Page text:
VIRGINIA BEACH, Va. — Virginia Gov. Ralph Northam will summon lawmakers to the state Capitol in coming weeks to take up a package of gun-control legislation he said is urgently needed to prevent killings like Friday's mass shooting in Virginia Beach.    

Northam, a Democrat confronted with a Republican-controlled General Assembly in the middle of an election year, said he plans to convene a special legislative session later this summer but has not determined a date.    

He wants legislators to hear from the public about the need for common-sense laws related to guns and accessories, saying last week's mass shooting in Virginia Beach calls for "votes and laws, not thoughts and prayers." He also wants every legislator to go on record for or against his proposals during the special session rather than avoid tough votes by quietly killing the bills in subcommittee.       

"The nation will be watching," the governor said, four days after Virginia Beach employee DeWayne Craddock used two semi-automatic handguns, a silencer and extended ammunition magazines to slaughter 12 people at a municipal building. Craddock then was killed in a gunbattle with police.

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Republicans previously have rejected Northam's gun control bills out of hand, but a top GOP lawmaker signaled Monday that he's open to a legislative debate.

Northam's bills include include a ban on silencers and high-capacity magazines, as well as a broadening of the ability of local governments to limit guns in city buildings. The governor said he also wants mandatory, universal background checks before gun purchases; a limit of one handgun purchase a month; and a "red flag" law that would allow authorities to seize the weapons of those who are a threat to themselves or others.

But Northam said other shootings, including the death last month of a 9-year-old girl who was shot at a community cookout in Richmond, also are driving his call for a special session.    

"It's an emergency here in Virginia, and it's time to take action," Northam said. "Every one of these pieces of legislation will save lives."    

The governor has long advocated for stricter gun control. He made the issue a top priority of his 2017 gubernatorial campaign, drawing from his experience as a pediatrician and Army doctor who has treated children and soldiers wounded by firearms. 

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In a statement, GOP Speaker Kirk Cox dismissed the governor's call for a special session as "hasty and suspect when considered against the backdrop of the last few months" — a reference to the blackface photo scandal that nearly destroyed Northam's career.    

Cox said the Republicans instead will put forward legislation to toughen penalties — including new, mandatory minimum sentences — for those who use guns to commit crimes.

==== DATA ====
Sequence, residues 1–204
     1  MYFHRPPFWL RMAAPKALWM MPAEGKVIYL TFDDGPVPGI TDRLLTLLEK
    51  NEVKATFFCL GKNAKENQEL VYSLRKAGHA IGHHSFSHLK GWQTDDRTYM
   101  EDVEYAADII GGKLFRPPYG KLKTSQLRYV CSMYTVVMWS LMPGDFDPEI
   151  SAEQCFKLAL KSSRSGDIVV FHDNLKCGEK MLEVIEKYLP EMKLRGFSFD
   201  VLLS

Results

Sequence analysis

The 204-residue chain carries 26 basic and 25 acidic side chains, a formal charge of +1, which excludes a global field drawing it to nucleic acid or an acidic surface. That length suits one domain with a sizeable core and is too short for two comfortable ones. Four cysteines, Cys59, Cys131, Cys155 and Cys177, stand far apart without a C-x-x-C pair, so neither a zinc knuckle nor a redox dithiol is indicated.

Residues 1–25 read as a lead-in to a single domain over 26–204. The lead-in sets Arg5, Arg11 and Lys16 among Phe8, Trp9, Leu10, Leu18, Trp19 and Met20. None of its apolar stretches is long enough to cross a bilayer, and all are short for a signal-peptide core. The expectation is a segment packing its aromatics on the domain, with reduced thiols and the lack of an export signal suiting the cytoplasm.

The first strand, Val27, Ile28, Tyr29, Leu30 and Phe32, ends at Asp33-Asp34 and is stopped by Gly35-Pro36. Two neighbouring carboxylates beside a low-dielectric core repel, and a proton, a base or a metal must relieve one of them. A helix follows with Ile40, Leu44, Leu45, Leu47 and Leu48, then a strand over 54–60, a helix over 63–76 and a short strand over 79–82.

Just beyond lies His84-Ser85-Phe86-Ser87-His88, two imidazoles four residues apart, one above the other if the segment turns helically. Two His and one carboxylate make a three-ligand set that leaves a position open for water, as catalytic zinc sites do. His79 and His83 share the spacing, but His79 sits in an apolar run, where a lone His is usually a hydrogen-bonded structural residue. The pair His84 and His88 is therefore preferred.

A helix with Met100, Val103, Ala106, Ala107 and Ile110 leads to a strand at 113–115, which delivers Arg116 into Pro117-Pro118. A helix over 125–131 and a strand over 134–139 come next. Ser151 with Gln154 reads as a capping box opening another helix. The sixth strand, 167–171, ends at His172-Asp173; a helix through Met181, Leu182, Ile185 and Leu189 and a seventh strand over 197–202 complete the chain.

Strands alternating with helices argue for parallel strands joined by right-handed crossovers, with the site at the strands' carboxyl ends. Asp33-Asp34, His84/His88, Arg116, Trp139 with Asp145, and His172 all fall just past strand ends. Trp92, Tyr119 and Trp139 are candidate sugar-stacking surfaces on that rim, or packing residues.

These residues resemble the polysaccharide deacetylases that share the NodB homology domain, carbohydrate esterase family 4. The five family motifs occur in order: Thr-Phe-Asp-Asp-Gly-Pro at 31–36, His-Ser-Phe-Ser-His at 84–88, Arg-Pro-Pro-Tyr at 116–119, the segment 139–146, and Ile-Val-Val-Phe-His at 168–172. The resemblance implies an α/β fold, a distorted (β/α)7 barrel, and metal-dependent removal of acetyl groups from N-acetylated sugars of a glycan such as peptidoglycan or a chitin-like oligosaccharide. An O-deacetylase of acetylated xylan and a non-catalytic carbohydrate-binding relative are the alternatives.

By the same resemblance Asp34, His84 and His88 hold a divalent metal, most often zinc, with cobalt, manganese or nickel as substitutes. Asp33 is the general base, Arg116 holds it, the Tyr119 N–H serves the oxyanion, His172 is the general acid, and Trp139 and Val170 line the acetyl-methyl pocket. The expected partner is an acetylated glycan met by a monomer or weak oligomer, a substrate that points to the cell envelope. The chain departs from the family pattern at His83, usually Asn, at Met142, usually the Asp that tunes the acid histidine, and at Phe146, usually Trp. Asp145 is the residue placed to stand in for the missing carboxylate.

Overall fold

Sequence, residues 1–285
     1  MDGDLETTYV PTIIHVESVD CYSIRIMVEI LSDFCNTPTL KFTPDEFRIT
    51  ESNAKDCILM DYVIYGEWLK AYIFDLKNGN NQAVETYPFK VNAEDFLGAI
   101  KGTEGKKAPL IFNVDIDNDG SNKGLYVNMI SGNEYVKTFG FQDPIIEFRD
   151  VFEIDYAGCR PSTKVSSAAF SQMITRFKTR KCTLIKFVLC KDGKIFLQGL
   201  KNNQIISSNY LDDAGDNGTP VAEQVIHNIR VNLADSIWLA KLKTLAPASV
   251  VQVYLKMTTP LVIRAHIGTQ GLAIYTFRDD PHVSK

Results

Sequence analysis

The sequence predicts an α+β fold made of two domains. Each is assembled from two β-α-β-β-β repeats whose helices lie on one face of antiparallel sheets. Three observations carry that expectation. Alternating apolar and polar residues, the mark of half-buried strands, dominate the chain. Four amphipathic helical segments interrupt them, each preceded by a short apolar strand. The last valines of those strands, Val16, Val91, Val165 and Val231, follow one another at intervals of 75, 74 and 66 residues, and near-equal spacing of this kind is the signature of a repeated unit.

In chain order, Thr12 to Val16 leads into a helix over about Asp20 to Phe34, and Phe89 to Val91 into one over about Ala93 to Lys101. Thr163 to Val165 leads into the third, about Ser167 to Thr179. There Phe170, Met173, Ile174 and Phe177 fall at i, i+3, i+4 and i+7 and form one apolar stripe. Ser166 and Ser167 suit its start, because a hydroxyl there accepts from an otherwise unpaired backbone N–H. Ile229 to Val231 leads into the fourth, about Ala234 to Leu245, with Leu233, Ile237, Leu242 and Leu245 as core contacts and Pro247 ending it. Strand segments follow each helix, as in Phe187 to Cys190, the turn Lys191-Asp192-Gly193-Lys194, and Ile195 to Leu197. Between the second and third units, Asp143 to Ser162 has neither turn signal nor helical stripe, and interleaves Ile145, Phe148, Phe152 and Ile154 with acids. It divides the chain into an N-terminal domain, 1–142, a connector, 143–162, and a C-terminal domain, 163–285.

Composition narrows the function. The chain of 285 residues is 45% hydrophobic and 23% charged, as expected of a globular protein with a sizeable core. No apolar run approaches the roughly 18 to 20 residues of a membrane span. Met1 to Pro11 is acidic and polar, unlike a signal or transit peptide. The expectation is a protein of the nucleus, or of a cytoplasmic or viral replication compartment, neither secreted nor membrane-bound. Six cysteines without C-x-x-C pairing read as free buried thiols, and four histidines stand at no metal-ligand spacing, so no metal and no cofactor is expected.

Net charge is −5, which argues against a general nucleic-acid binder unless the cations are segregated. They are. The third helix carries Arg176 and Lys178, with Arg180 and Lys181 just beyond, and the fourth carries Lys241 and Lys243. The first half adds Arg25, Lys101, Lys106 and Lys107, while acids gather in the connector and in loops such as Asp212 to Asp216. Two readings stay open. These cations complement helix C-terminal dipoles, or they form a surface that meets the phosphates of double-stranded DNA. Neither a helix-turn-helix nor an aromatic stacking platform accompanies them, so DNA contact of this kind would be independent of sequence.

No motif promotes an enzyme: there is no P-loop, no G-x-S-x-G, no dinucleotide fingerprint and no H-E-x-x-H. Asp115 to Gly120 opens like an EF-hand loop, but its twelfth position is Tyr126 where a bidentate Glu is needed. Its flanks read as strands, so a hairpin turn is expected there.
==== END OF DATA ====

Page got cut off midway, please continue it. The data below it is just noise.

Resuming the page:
"We believe addressing gun violence starts with holding criminals accountable for their actions, not infringing on the constitutional rights of law-abiding citizens," he said.

Another top Republican, Senate Majority Leader Tommy Norment, indicated some willingness to debate a ban on large-capacity magazines, according to the Virginia Gazette. But he told gun-control advocates outside his office that "nothing would have helped us in Virginia Beach."

Most of the legislation already proposed by Northam and other Democrats has failed at the General Assembly, including this year. Republicans hold slim majorities in the House and Senate and Virginia is in the middle of a closely watched election year when all 140 legislative seats are up for grabs.

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After the 2007 Virginia Tech massacre, in which a student with a history of mental problems shot 32 people to death, the state passed a law prohibiting people determined to be seriously mentally ill from buying a gun. But a push at the time for universal background checks failed.

Virginia is generally considered a very gun-friendly state and is home to the National Rifle Association's headquarters.

Craddock appeared to have had no felony record, making him eligible to purchase guns. Government investigators identified two .45-caliber pistols used in the attack and all indications are that he purchased them legally in 2016 and 2018, said Ashan Benedict, the regional special agent for the Bureau of Alcohol, Tobacco, Firearms and Explosives. 

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Friday's shooting has been Northam's first major test since a scandal over a racist photo in his medical school yearbook nearly drove him from office four months ago. The governor has been active in helping coordinate the state's response and comforting victims, while also pressing the case for stricter gun control.      

Noting that first responders saved lives in last week's attack, Northam said: "Now, I'm calling on the elected officials of this commonwealth to become second responders. Your duty is clear: Rush to the scene and put a stop to this violence."

A top gun-rights advocate, Philip Van Cleave, president of the Virginia Citizens Defense League, denounced the special session as "political theater" and said the answer is to make it easier for people to carry weapons.    

"There's really nothing other than allowing people to protect themselves until the police get there that would have worked," he said.

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